A man has filed a lawsuit against Kevin Spacey, alleging the actor groped him in a Nantucket bar in 2016. Spacey is also facing criminal charges from the incident.
According to the lawsuit, Spacey gave the alleged victim alcohol at the bar and then starting touching and fondling his genitals for a while without his consent. He has “suffered, and will continue to suffer in the future, severe mental distress and emotional injuries.”
The lawsuit additionally alleges that Spacey’s “explicit sexual behavior and lewd and lascivious conduct with [the accuser],” has made the plaintiff unable to fully disclose to what degree Spacey did abuse him emotionally and physically.
According to legal experts, it’s unusual to bring a civil lawsuit in the middle of an ongoing criminal case regarding the same incident because it could affect efforts by the prosecutors to get a conviction in criminal court.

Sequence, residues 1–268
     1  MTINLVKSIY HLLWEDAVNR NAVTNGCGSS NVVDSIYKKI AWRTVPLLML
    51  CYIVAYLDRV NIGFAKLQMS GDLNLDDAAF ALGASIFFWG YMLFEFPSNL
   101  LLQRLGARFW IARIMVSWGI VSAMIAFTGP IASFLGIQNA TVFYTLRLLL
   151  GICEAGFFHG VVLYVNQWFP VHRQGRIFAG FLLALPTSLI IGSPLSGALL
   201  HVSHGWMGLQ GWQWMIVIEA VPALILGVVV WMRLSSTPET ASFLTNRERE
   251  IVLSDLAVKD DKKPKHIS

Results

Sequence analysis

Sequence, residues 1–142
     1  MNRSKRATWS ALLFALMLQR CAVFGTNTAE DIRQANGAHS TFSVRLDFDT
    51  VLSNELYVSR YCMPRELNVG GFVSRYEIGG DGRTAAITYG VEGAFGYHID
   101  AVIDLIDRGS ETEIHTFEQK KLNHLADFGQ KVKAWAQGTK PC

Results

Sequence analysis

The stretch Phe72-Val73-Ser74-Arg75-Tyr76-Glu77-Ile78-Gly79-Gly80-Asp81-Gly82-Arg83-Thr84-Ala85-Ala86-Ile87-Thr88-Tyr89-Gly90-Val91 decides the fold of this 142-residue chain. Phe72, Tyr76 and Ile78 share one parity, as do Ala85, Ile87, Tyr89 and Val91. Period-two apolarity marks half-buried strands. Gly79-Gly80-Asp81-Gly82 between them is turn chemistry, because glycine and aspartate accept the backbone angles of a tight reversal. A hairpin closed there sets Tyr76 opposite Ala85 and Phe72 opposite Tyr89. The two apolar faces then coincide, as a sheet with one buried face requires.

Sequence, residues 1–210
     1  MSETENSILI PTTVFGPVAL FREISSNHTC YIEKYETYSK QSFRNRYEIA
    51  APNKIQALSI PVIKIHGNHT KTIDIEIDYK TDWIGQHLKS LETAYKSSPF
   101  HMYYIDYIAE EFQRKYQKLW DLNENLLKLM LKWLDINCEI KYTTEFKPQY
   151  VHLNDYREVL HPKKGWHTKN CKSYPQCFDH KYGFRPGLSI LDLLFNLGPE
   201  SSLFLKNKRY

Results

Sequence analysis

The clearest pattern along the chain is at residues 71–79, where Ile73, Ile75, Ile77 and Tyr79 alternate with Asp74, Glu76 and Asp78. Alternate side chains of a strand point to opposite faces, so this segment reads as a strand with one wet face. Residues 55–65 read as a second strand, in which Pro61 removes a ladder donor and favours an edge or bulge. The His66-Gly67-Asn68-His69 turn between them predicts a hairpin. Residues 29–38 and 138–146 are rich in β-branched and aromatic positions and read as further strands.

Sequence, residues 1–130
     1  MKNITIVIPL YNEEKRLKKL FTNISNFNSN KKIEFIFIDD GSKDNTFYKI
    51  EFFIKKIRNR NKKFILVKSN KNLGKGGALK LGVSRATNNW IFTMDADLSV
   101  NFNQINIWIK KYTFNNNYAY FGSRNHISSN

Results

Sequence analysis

“It muddies the waters of the criminal case,” said prominent Florida defense attorney Mark O’Mara. “If [the alleged victim] has a civil case pending, then that’s going to come up on cross-examination when he testifies at trial.”
Other defense attorneys who have represented high-profile clients agreed that the civil lawsuit could negatively affect the prosecution’s case.
“It generally is not good for the prosecution because it shows a financial motive, and financial bias is something defense lawyers are going to use in their cross-examination,” said Tom Mesereau, a high-profile Los Angeles attorney. “They will try to show the witness is biased because they have a stake in the outcome of the criminal case.”
Geoffrey Fieger, another prominent defense attorney, said that the civil lawsuit could be the beginning of the end of the criminal case against Spacey.
“No attorney in their right mind would do this unless they wanted to get their name in the papers,” Fieger said. “The number one rule in a criminal case, if you are the complaining witness, is you never – let me repeat: never — file a civil lawsuit while the criminal case is pending, or you can kiss the criminal case goodbye.”